Eight die of complicated form of dengue in Karnataka

Symptoms include low blood pressure, circulatory collapse and multiple organ failure

By Shilpika Rajeshwar
Published: Wednesday 10 July 2013

A ‘non-traditional’ dengue-like disease has claimed the lives of eight people in Karnataka. A total of 10,053 suspected cases have been reported as of July 7, out of which 455 are in Bengaluru city. The disease, dubbed dengue shock syndrome (DSS), results in very low blood pressure, circulatory collapse and multiple organ failure.

Out of 6,671 blood samples collected from people suspected of suffering from the disease, as many as 2,289 (over one-third) tested positive for the virus. Bengaluru city alone accounted for 302 positive cases.

Owing to the drastic rise in number of infected people, the Karnataka government has set in motion a series of measures. To provide infected patients with blood, the authorities have established 86 blood component separation facilities all over the state; most of them are in Bengaluru.

"The nursing and medical staff at government hospitals have been strictly instructed to transfer complicated cases to higher centres of treatment as soon as possible. Since there is no specific treatment or cure for the disease, symptomatic treatment is being provided, " says B N Dhanya Kumar, director of health and family welfare services directorate of Karnataka.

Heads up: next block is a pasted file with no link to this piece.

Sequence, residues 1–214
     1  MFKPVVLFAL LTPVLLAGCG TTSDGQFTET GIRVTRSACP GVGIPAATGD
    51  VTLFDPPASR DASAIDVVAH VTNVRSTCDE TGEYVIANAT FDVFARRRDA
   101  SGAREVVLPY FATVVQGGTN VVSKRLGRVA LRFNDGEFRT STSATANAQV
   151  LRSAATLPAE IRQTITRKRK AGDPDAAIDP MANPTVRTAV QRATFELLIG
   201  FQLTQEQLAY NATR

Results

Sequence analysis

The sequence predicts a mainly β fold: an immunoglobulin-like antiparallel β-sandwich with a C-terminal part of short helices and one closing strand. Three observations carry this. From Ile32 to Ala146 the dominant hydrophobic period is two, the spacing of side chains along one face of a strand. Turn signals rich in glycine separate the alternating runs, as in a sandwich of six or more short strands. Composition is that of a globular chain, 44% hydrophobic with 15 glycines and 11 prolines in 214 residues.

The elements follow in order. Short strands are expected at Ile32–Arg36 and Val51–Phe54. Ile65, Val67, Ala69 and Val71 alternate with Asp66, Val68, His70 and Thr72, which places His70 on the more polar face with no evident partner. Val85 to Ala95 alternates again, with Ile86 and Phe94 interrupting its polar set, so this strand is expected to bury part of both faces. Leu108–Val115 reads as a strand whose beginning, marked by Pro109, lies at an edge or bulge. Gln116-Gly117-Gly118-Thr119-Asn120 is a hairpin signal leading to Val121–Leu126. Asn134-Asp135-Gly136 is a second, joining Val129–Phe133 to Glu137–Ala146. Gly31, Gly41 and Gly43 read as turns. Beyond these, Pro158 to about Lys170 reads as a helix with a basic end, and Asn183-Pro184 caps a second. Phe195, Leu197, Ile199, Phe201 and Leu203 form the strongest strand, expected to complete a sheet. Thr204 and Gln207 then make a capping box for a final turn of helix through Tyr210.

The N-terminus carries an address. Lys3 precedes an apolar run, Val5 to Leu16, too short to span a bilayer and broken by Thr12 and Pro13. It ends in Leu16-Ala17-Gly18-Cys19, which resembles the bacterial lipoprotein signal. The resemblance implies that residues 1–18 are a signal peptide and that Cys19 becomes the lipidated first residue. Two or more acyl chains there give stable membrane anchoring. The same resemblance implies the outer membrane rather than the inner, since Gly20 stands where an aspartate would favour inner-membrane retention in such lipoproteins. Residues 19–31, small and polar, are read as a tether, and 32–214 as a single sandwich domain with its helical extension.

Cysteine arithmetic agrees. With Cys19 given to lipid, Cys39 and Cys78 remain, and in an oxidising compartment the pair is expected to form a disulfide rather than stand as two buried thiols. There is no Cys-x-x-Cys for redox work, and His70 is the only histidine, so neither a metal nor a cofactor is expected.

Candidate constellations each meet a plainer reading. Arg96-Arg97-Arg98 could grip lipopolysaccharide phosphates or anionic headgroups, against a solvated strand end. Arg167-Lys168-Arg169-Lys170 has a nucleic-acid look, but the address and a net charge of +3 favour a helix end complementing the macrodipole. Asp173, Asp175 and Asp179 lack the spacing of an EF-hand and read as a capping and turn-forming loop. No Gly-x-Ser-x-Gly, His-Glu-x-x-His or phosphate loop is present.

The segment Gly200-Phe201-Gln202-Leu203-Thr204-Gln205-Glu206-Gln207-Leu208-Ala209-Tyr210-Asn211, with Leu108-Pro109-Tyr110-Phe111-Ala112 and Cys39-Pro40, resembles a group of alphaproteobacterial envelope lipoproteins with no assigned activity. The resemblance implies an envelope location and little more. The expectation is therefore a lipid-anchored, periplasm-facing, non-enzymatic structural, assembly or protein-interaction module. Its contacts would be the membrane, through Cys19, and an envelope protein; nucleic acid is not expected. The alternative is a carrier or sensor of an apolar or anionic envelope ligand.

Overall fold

Dengue shock syndrome is a complicated form of the less fatal dengue fever. The symptoms of the disease include high fever, a sharp plunge in blood platelet count and vomiting. Persons showing these symptoms require immediate attention. With a low blood platelet count, blood pressure reduces drastically, leading to organ failure and eventual death. The life threatening dengue is transmitted by female Aedes aegypti mosquito that carries the dengue virus.

The blood samples are at present being tested within the state itself. No samples have been sent to National Institute of Virology (NIV), as of now, reveals Dhanya Kumar. NIV is India’s nodal agency for investigating epidemics caused by viruses.


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